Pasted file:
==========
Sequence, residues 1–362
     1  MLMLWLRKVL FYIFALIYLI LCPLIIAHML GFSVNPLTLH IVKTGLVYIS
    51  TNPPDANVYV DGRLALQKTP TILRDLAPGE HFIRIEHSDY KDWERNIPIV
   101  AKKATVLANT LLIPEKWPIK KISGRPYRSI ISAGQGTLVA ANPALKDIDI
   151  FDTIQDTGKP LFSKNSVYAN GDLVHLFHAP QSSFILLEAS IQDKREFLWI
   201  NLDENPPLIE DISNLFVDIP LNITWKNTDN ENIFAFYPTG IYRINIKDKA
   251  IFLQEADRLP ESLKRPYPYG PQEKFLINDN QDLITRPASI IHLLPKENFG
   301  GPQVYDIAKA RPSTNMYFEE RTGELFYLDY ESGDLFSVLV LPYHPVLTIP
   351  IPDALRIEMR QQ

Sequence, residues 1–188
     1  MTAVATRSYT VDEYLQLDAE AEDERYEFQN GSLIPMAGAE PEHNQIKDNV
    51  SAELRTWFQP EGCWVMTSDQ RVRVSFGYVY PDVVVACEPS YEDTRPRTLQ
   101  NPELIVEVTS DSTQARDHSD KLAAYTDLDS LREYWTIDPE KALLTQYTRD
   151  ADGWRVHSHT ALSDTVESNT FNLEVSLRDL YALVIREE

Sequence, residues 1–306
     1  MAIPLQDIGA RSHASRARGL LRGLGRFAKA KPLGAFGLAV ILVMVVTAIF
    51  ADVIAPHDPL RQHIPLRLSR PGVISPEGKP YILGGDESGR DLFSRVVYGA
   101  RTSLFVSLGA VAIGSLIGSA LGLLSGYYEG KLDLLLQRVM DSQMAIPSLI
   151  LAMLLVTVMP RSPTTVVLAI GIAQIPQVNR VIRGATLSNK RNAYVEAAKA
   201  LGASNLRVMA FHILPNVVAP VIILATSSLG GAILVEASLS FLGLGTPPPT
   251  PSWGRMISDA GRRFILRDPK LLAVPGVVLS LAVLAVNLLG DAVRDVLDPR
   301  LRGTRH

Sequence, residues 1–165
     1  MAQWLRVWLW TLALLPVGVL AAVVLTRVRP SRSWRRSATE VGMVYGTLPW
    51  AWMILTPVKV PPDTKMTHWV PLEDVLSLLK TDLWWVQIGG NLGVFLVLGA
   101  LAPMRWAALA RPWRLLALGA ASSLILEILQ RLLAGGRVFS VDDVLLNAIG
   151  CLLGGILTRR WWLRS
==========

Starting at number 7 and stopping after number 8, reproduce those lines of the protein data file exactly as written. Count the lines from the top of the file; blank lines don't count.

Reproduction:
   251  IFLQEADRLP ESLKRPYPYG PQEKFLINDN QDLITRPASI IHLLPKENFG
   301  GPQVYDIAKA RPSTNMYFEE RTGELFYLDY ESGDLFSVLV LPYHPVLTIP